For multiple authors writing for the same series, the shelving decisions can be more beneficial to the patron. The way some libraries deal with the physical location for these books is by designing a section of shelving specific for the series and organizing it by the author.  Others may use the series name in the call number (like using STA for Star Trek or Star Wars) to keep the series together on the shelf.

Hardcover And Paperback Editions on Same Record

Approved by Consortium: March 26, 2001
It is stated that paperback editions of titles can be added to the hardcover edition of the same title when:
1.    the item is a work of fiction,
2.    has the “same intellectual content,” and
3.    the publisher and the copyright date are the same.

When a paperback edition is added to the hardcover record, three things have to be included in the record:
1.    the ISBN for the paperback  along with “(pbk.)” after the ISBN,
2.    a 500 note field that says the “physical description is based on the hardcover edition,” and
3.    the call number in the item record should include “pb.”

Records could also be merged when there are two paperback editions with the same publisher and copyright date, but with different ISBNs and printing dates.

This also applies to re-releases of old videos, and to children’s fiction (with the only difference being the binding).

Records that need to remain separate are: all non-fiction books, large print editions of books, abridged and unabridged audios, DVS videos, and wide-screen videos.

Multiple Magazine Records

Approved by Consortium: April 10, 2003
In the last couple of years, NWLS has not needed a separate serials module for the shared system since the inclusion of magazine titles to the catalog had been slow.  However, as more libraries join the Merlin Consortium, these libraries are becoming more comfortable in adding their magazine items to the records in the catalog.  This practice, although not nearing the structure limit of 3,000 items attached to one bibliographic record, has created other problems of slow retrieval response and long browsing lists.  Purchase of the Innovative Serials Module would run somewhere in the neighborhood of $20,000.  This does not seem necessary, productive, or financially sound at this time.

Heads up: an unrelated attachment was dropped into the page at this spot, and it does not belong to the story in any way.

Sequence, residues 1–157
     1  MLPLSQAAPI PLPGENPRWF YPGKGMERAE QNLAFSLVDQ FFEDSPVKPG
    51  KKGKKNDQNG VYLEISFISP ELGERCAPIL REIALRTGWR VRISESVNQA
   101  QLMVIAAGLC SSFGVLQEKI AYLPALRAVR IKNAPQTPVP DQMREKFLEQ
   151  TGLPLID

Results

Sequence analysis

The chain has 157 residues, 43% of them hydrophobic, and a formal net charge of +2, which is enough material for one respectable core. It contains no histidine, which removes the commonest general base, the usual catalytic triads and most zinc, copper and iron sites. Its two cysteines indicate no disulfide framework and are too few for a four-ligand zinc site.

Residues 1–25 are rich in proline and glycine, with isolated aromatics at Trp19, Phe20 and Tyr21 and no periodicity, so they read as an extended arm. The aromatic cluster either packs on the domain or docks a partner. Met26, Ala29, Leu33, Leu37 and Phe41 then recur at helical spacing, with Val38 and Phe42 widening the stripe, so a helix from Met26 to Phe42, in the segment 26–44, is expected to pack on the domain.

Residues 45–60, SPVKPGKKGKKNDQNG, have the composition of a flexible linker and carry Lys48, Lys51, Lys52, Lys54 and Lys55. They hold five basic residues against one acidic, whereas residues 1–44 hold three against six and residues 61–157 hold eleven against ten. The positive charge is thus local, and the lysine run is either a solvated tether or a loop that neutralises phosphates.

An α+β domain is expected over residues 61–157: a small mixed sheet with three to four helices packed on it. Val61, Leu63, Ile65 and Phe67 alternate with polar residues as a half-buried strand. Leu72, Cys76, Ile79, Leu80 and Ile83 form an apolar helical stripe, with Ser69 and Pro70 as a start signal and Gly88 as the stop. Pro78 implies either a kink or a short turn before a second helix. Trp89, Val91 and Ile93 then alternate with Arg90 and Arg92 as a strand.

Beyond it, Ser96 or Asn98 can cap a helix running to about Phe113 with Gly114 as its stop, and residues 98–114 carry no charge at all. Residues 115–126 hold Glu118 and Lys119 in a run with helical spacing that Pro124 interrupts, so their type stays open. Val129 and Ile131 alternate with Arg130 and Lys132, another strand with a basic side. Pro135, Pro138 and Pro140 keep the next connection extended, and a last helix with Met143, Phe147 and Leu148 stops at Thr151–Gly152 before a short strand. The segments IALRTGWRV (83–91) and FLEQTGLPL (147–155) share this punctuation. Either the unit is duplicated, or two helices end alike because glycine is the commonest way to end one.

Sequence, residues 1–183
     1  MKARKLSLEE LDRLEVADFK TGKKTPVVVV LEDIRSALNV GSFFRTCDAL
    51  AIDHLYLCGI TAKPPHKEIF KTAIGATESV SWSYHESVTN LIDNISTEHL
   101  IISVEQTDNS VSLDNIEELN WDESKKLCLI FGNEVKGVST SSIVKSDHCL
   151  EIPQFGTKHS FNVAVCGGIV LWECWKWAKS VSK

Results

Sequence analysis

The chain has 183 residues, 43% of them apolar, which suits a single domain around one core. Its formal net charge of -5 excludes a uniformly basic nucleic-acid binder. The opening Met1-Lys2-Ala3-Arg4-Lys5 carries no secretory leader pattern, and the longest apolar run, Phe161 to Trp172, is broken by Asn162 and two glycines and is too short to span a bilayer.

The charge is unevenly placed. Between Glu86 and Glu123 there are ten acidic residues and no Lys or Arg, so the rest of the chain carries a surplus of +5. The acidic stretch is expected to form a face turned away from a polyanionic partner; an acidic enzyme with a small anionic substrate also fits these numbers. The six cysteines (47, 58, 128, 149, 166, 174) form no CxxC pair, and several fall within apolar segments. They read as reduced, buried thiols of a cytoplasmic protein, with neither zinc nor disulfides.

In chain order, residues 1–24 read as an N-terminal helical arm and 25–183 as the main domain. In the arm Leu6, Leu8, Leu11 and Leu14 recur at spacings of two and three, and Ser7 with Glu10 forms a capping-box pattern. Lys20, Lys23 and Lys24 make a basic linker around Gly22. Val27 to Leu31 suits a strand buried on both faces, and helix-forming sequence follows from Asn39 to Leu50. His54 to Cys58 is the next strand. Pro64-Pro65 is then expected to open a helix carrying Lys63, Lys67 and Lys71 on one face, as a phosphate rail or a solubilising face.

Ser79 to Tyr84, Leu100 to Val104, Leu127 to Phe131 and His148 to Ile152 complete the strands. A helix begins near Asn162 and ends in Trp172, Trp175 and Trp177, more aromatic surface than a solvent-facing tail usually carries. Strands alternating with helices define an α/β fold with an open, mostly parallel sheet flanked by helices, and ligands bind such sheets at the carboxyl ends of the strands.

Therefore, it is suggested that magazines should have the bibliographic magazine records separated by years so that the year specified will have the appropriate library holdings attached to it.  For example, we will no longer have one bibliographic record per magazine title, but instead one record for 2003 with year 2003 items attached to it, one for 2002 with year 2002 items attached to it, and so on, depending on the last year of holdings.

NWLS has provided retrospective clean up for what is currently in the catalog, but it is up to the library adding a new title in Merlin to set the trend.  Adding the current year after the Tag 245 title can easily make this change.  Others can then copy this record and make a date change for earlier or later years of holdings.  Attached is the list of magazine titles that have been changed in the retrospective project.

On Order Records

Approved by Cosnortium: August 20, 2008

Purpose and Rule

Library patrons are satisfied to see new materials come into their libraries.  In order to maintain a high level of patron satisfaction, libraries may create On Order records so patrons may place holds on these anticipated new titles.  The process works as long as certain standards are followed:

  • On Order records will only be created for materials with a scheduled published date of six months.
  • On Order records must comply with the acceptable forms and record life rules listed below.

Acceptable Forms

Bibliographic:
On Order records may take the form of either a full MARC record or a short record.  Libraries may attach to a pre-existing record in Merlin or add one through the Remore/z39.50 function.  If no pre-existing record is found, one can create a short record by choosing the On Order bibliographic template and filling in the fields.  

If the library creates a short record, the library is also responsible for updating the short record to a full MARC record once the material comes into the library.  To update a short record, a library may find a new full MARC record in Remote/z39.50 and overlay the full on the short On Order record. The library must know the Merlin bib record number of the short record in order to perform an overlay.  

Item: Item records for On Order materials do not contain a barcode and must have a status of On Order.  Call numbers and other codes can be added at the time of creation.

Record Life

Backorders should only be kept a minimum of six months.  Regular On Order records are given one year to arrive at libraries and become regular circulating materials.  NWLS will send out quarterly reports to libraries for On Orders older than one year so the library can remove the records from the database.  Holds will automatically be deleted on these items after one year of status as On Order.  Any On Order items over a year and not removed by the owning institution(s) will be removed by NWLS.